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Table of Contents
CASE REPORT
Year : 2021  |  Volume : 10  |  Issue : 4  |  Page : 247-251

The path of birth is not always normal: A case report of cervicovaginal agenesis


Department of Obstetrics and Gynecology, All India Institute of Medical Sciences, Rishikesh, Uttarakhand, India

Date of Submission02-Jun-2020
Date of Decision10-Sep-2020
Date of Acceptance09-Dec-2020
Date of Web Publication5-Nov-2021

Correspondence Address:
Dr. Kavita Khoiwal
Department of Obstetrics and Gynaecology, All India Institute of Medical Sciences, Rishikesh, Uttarakhand
India
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Source of Support: None, Conflict of Interest: None


DOI: 10.4103/GMIT.GMIT_57_20

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  Abstract 


Cervical agenesis is a rare congenital Mullerian anomaly. Its association with vaginal agenesis is further rare, reported in 39% of cases of cervical agenesis. The conventional treatment for this condition was hysterectomy. However, with evolving surgical skills and assisted reproductive techniques, conservative surgery could be considered as the first-line treatment in the current era. We report one such case of cervicovaginal agenesis in a 13-year-old adolescent girl managed successfully with cervicovaginoplasty. The patient was relieved of cyclical pain abdomen and resumed menstrual cycles postoperatively.

Keywords: Cervicovaginal agenesis, cervicovaginoplasty, cyclical pain abdomen, primary amenorrhea


How to cite this article:
Khoiwal K, Singh M, Agarwal A, Chaturvedi J. The path of birth is not always normal: A case report of cervicovaginal agenesis. Gynecol Minim Invasive Ther 2021;10:247-51

How to cite this URL:
Khoiwal K, Singh M, Agarwal A, Chaturvedi J. The path of birth is not always normal: A case report of cervicovaginal agenesis. Gynecol Minim Invasive Ther [serial online] 2021 [cited 2021 Dec 3];10:247-51. Available from: https://www.e-gmit.com/text.asp?2021/10/4/247/329873




  Introduction Top


In adults, Mullerian duct forms uterus, cervix,  Fallopian tube More Details, and upper one-third of the vagina. Its anomaly has a mean prevalence of 4.3% of general population.[1] In 2013, European Society of Human Reproduction and Embryology (ESHRE) has proposed a newer classification system for Mullerian anomalies on the basis of uterine anatomy. In addition, anomalies of the cervix and vagina are classified separately.[2] In the ESHRE classification, cervical and vaginal agenesis are classified as C4 and V4, respectively.

Cervical agenesis is a rare congenital Mullerian anomaly, with an incidence of 1:80,000–1:100,000.[3] Its association with vaginal agenesis is further rare, reported in 39% of cases of cervical agenesis.[4]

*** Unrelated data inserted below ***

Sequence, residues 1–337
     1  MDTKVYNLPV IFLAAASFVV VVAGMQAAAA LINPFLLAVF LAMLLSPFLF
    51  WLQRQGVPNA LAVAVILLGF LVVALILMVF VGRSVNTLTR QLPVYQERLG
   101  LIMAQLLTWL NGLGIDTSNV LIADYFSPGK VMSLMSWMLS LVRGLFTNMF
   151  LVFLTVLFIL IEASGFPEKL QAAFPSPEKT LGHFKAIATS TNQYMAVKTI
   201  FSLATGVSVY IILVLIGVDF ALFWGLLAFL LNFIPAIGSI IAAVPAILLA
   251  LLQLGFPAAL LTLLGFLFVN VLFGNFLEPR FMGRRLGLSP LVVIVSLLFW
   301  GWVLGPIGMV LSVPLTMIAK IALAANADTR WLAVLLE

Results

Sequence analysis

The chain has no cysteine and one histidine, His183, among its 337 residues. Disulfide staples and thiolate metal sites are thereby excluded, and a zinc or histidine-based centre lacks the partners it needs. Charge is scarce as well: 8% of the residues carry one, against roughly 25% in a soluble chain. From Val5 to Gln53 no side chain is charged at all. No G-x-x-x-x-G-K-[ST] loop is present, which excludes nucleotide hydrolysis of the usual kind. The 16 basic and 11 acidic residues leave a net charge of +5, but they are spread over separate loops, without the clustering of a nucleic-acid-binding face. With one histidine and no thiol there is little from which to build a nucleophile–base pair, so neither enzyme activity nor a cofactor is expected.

Cervical or cervicovaginal agenesis usually presents around the age of menarche with complaints of primary amenorrhea and/or cyclical abdominal pain. In these cases, endometrium functions normally, but menstrual blood has no path to exit from vagina, leading to hematocolpos followed by hematometra formation. The condition can further aggravated with hematosalpinx and endometriosis if left undiagnosed. Diagnosis and management should be done early in these cases to avoid progression of the disease. We present a case of 13-year-old female with cervicovaginal agenesis, who was managed by conservative surgery.


  Case Report Top


A 13-year-old girl presented in Gynecology Emergency Department with the complaint of severe abdominal pain for 1 day not relieving on injectable analgesics. She had a history of primary amenorrhea with cyclical abdominal pain for the last 1 year. There was no significant past, personal, or family history. There was no history of in utero exposure to diethylstilbestrol.

General physical examination revealed average built with normal secondary sexual characters (breast - tanner stage 4, pubic hairs - tanner stage 4). Thyroid and breast examination was normal. Abdomen was soft, no organomegaly was noted, while tenderness present in the lower abdomen on deep palpation. A gentle vaginal examination revealed a blind vaginal pouch (2 cm × 1 cm) and no cervical tissue felt. She was carrying ultrasound (USG) and magnetic resonance imaging (MRI) reports with her. USG pelvis showed collection in the endometrial cavity along with hematocolpos. MRI pelvis revealed uterine enlargement (8.9 cm × 6 cm × 4.2 cm) with collection in the endometrial cavity, suggestive of hematometra along with hematocolpos. Bilateral ovaries and renal system were normal. On the basis of imaging findings, a provisional diagnosis of low transverse vaginal septum was made.